Middle schooler asks U.S. Supreme Court to hear First Amendment case

MICHIGAN — Attorneys for a Saginaw, Mich. fifth-grader who wasordered to refrain from distributing religious messages at school filed a petition to the U.S. Supreme Court Monday with hopes the court will reexamine a6th Circuit U.S. Court of Appeals ruling that said his middle school principaldid not violate his First Amendment rights.

The step comes after a September 2006 ruling by a federal district courtthat said although Joel Curry’s principal had violated his Constitutional rightswhen he was told he could not sell candy canes with a religious message as apart of a school project, she was protected by qualified immunity.

In January 2008, the 6th Circuit reversed the ruling and said that IreneHensinger did not violate Curry’s rights because the project was a part ofschool curriculum, citing Hazelwood School District v. Kuhlmeier.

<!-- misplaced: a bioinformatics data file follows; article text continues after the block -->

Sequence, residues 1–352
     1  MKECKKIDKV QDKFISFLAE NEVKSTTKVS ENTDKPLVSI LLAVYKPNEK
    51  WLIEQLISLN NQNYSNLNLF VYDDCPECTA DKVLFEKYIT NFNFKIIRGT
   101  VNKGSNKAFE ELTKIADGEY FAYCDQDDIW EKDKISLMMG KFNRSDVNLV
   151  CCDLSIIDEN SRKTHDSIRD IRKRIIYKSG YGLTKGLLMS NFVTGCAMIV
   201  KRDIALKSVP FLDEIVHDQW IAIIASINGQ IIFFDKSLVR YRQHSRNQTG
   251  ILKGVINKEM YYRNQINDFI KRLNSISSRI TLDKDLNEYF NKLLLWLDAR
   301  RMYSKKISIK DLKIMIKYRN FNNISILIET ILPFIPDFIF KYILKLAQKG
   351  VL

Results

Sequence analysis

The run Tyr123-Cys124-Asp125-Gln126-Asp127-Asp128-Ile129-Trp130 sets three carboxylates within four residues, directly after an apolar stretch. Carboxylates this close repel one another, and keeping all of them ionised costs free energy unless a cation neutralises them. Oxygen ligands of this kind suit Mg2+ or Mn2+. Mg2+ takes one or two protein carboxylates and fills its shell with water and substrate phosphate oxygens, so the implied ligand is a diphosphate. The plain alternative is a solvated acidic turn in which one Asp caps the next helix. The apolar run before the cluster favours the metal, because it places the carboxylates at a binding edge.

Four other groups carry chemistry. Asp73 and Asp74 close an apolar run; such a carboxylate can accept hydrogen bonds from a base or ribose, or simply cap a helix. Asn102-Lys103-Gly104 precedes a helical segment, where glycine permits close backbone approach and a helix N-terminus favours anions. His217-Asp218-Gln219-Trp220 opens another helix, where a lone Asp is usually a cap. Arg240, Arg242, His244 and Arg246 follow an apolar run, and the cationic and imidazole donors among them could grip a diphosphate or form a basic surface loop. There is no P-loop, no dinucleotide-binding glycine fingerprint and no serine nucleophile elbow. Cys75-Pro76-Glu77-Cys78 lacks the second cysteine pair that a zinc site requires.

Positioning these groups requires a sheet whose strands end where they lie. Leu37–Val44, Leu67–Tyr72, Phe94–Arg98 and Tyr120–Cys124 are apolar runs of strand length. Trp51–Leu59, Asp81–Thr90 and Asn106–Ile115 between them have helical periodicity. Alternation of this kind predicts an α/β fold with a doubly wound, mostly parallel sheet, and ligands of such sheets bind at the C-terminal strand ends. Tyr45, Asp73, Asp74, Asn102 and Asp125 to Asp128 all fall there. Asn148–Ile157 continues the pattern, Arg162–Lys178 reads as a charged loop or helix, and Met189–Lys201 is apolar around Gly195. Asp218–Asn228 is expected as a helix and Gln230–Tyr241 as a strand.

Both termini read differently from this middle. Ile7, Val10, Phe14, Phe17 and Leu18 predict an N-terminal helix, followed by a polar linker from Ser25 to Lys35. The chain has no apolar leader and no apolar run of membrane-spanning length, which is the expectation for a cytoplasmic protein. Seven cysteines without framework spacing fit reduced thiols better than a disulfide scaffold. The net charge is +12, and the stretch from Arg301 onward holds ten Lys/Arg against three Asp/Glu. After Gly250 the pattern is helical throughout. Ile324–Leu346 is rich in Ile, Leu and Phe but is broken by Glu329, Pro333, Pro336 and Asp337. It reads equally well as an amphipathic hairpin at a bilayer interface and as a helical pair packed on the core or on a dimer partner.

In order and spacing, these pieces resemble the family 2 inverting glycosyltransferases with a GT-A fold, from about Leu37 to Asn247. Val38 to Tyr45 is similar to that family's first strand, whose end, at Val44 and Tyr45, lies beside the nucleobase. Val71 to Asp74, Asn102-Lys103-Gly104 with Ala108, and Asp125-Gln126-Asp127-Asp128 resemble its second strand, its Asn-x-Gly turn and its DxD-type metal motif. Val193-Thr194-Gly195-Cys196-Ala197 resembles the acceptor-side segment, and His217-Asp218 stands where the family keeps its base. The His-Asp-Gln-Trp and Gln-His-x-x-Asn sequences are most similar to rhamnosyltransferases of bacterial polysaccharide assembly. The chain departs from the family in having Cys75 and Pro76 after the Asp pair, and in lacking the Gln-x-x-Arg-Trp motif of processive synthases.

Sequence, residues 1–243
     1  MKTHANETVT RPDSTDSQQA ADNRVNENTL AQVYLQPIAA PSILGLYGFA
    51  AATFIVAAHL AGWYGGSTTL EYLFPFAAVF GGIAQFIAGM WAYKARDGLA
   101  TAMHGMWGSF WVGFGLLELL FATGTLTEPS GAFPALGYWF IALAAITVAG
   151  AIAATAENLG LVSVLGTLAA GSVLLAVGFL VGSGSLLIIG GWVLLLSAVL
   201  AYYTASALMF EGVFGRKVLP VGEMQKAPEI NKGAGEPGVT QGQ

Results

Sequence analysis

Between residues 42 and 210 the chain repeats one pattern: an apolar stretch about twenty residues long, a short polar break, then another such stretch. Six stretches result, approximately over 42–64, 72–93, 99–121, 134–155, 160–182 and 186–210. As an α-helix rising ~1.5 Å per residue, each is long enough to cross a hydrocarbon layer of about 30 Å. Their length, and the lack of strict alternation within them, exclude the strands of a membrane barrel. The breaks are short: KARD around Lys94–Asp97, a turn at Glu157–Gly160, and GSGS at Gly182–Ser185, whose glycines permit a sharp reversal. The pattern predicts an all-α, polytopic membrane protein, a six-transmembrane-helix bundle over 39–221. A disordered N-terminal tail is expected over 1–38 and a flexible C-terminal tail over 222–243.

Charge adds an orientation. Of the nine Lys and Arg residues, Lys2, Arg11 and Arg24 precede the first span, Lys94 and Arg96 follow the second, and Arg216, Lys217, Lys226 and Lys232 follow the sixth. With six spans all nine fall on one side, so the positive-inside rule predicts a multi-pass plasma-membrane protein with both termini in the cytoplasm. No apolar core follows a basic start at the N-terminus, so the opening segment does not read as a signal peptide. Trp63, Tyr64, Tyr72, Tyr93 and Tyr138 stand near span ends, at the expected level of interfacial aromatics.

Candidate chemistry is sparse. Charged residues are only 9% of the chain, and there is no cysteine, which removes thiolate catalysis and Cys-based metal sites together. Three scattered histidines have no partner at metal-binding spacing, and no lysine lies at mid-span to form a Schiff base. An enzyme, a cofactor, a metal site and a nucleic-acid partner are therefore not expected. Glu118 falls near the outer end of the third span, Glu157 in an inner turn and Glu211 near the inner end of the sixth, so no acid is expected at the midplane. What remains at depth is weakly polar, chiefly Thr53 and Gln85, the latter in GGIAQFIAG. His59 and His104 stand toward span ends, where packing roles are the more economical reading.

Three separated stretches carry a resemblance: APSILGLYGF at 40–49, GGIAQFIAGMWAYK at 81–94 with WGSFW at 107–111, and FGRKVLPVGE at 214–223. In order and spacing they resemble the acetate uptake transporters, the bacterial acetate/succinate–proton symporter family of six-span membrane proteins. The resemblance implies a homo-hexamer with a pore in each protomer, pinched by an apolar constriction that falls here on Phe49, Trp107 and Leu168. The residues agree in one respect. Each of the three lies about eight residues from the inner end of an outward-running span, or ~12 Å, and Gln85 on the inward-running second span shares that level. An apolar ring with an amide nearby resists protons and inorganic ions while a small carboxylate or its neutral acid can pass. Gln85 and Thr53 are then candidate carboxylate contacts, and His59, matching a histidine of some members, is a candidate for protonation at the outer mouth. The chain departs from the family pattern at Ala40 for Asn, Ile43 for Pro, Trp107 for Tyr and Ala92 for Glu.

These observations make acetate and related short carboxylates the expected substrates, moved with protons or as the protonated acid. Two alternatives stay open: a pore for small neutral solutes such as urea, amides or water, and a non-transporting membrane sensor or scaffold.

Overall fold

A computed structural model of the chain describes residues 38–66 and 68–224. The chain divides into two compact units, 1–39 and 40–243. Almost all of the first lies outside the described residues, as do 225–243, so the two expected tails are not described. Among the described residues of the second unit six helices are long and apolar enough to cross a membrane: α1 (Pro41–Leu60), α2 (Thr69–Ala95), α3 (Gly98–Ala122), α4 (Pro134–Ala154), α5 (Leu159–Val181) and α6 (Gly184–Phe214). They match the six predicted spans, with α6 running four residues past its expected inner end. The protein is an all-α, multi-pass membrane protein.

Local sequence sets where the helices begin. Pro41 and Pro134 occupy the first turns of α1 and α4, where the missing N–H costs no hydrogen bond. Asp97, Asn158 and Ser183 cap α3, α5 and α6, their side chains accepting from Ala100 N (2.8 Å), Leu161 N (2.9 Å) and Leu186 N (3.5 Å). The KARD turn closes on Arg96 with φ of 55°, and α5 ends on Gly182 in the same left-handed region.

In Hazelwood, the court ruled that speech as a part ofschool-sponsored events could be censored provided that school officialspresented a legitimate educational justification. In Curry’s case, the appellatecourt said the candy canes were created as a part of school curriculum, so theHazelwood standard applied.

Jeff Shafer, the Alliance Defense Fund attorney representing Curry, saidthe court made a mistake in applying the Hazelwood standard instead of

Tinker v. Des Moines Indep. Cmty. Sch. Dist., which says thatstudent speech may not be censored unless it substantially disrupts the schoolor invades the rights of others.

“We would like to see a narrower reading of the Hazelwood case thatdoesn’t displace the Tinker rule from the classroom,” Shafer said.

Shafer said he hopes the Supreme Court will decide to hear the case torepair the “poor decision” the 6th Circuit made by departing from pastprecedent.

“The 6th Circuit decision seems to make a categorical designation ofreligious speech as susceptible to censorship all the time,” Shafer said. “So Ithink it has rather dramatic impact for religious students who would respond toassignments in a way that reveals their religious viewpoints.”

Shafer said he anticipated the Supreme Court would announce by Octoberwhether it would hear Curry’s case.